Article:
Marks & Spencer has published an interactive map of its supply chain detailing its clothing and food suppliers.
The map allows stakeholders and customers to see where the retailer’s clothing and home products are made and where food products are produced. The M&S supply chain interactive map lists the factories in a particular location, what they make and how many people work there. In total it lists 690 clothing and home and 540 food suppliers.
M&S published the map along with its 2016 Plan A report, which details progress in company’s green and ethical programme.
In 2015-16, all palm oil used in M&S products was Roundtable on Sustainable Palm Oil certified, the report said.
The retailer removed plastic microbeads from wash-off personal care products. The beads are harmful to marine life and end up in oceans when passed into the water system.
The company also reduced energy use in its shops and warehouses by 39% and cut the amount of water used by 31%.
Charity donations of excess food helped cut waste by 9% per 1,000 sq ft of food selling space. This was achieved through improved systems leading to better sales estimation and the nationwide roll out of an unsold food redistribution scheme with social network Neighbourly.com.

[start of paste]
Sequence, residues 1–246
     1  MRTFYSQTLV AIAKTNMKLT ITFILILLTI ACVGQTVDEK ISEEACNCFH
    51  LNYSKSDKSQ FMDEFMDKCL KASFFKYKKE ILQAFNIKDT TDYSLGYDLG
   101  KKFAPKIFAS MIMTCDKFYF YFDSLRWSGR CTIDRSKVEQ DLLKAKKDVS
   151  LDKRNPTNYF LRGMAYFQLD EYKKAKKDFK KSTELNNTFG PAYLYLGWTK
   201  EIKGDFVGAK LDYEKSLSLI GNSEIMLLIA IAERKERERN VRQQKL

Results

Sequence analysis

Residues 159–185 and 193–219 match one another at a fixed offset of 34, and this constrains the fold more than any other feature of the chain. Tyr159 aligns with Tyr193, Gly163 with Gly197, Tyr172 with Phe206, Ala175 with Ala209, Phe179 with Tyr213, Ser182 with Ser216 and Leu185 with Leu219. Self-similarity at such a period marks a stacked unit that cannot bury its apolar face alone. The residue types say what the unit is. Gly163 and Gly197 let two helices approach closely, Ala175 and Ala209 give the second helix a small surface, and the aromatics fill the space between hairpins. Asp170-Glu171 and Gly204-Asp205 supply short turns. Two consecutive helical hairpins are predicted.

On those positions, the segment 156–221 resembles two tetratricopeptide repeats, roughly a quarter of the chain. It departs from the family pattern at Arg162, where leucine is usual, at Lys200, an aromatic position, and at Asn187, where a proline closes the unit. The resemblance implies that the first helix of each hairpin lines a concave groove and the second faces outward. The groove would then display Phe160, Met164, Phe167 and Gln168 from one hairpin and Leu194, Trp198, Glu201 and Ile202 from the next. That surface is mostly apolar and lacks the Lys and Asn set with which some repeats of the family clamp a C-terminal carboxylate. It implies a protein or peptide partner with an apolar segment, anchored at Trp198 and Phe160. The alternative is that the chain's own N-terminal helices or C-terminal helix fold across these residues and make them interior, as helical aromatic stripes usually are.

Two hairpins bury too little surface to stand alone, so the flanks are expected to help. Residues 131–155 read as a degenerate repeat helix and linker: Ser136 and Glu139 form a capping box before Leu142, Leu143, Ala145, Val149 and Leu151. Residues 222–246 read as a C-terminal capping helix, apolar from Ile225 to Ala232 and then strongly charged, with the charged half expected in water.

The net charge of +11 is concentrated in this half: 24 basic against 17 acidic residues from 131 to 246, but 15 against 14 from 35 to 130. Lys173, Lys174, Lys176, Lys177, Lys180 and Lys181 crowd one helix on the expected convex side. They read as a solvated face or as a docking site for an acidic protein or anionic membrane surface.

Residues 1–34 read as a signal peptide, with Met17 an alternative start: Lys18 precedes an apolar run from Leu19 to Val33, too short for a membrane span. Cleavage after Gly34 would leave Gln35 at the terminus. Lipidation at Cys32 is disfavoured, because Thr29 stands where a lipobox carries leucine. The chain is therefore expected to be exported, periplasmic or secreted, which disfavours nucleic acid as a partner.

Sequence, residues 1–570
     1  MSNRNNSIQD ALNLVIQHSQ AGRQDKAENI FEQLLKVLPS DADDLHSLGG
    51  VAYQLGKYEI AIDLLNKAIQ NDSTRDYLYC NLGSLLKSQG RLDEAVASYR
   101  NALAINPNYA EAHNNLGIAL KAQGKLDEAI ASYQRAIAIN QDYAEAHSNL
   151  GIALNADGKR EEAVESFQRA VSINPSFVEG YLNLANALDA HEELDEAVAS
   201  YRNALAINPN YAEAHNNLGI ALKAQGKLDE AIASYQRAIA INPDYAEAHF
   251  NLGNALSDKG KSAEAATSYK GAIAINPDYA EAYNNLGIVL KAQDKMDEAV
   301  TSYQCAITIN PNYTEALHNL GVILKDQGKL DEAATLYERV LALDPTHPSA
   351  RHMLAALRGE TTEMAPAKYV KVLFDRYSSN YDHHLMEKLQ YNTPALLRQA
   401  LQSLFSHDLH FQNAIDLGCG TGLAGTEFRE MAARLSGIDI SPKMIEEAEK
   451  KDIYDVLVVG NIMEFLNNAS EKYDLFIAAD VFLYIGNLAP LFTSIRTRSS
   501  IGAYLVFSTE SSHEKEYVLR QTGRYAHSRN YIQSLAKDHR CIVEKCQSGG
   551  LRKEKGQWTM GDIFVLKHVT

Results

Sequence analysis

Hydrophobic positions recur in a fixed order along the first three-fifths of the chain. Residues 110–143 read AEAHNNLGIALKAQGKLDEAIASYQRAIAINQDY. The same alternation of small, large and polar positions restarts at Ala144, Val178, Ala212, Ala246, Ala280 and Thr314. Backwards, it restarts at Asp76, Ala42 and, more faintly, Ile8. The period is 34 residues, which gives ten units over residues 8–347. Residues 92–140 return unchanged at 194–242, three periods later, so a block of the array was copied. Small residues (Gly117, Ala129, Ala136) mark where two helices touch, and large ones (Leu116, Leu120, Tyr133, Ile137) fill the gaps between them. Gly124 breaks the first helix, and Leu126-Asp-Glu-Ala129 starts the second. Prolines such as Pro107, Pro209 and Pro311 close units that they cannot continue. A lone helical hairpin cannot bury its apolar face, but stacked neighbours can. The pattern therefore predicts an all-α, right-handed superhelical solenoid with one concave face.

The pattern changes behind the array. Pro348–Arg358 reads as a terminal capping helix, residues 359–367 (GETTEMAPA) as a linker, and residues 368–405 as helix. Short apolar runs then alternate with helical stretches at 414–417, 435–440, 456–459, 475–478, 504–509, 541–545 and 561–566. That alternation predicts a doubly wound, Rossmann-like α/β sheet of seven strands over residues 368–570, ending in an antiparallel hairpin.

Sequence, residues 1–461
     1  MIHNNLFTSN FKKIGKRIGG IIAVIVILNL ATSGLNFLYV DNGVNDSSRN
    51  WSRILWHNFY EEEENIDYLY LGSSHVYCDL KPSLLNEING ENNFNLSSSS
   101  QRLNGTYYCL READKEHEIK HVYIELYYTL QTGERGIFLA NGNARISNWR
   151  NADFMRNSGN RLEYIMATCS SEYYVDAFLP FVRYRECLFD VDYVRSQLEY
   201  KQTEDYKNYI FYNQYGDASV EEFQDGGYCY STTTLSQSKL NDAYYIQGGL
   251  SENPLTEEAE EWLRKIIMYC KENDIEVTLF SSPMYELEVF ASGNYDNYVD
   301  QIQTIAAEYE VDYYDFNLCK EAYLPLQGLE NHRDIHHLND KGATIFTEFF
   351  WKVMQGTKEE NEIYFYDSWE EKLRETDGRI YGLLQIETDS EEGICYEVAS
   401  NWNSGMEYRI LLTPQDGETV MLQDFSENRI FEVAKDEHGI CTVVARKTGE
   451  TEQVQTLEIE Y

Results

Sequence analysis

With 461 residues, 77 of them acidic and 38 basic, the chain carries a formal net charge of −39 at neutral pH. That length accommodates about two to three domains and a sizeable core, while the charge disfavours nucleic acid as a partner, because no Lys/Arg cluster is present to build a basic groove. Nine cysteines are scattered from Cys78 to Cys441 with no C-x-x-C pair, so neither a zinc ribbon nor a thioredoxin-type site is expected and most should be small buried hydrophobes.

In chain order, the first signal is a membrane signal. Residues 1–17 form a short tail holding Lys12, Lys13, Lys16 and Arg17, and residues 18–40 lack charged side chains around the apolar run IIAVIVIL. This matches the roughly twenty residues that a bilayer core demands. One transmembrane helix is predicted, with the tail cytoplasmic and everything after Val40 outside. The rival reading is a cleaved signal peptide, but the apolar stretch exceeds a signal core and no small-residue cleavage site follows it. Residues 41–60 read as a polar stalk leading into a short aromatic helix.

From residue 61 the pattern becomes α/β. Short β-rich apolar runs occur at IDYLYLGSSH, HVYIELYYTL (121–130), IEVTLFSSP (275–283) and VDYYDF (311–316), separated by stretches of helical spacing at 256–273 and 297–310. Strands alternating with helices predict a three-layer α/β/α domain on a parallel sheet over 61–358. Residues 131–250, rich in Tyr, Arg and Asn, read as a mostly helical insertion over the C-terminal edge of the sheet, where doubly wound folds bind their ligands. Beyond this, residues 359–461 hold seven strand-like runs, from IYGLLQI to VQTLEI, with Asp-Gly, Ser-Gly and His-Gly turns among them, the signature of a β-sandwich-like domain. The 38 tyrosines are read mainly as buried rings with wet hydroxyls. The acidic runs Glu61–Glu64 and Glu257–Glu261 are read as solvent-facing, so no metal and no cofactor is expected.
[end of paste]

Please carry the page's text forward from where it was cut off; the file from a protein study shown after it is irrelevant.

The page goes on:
The retailer also published the first M&S human rights report during the period. The report outlined its approach to respecting human rights in its own business operations and throughout its supply chain. Such reporting is a legal requirement under the UK Modern Slavery Act.
Mike Barry, director of sustainable business at M&S, said the company had reached difficult targets. “The successful Paris climate negotiations and the launch of the UN’s 17 Sustainable Development Goals have created a long-term direction of travel for the global economy, and companies need a bold vision and comprehensive plan to make sure they are aligned with these important agreements,” he said.
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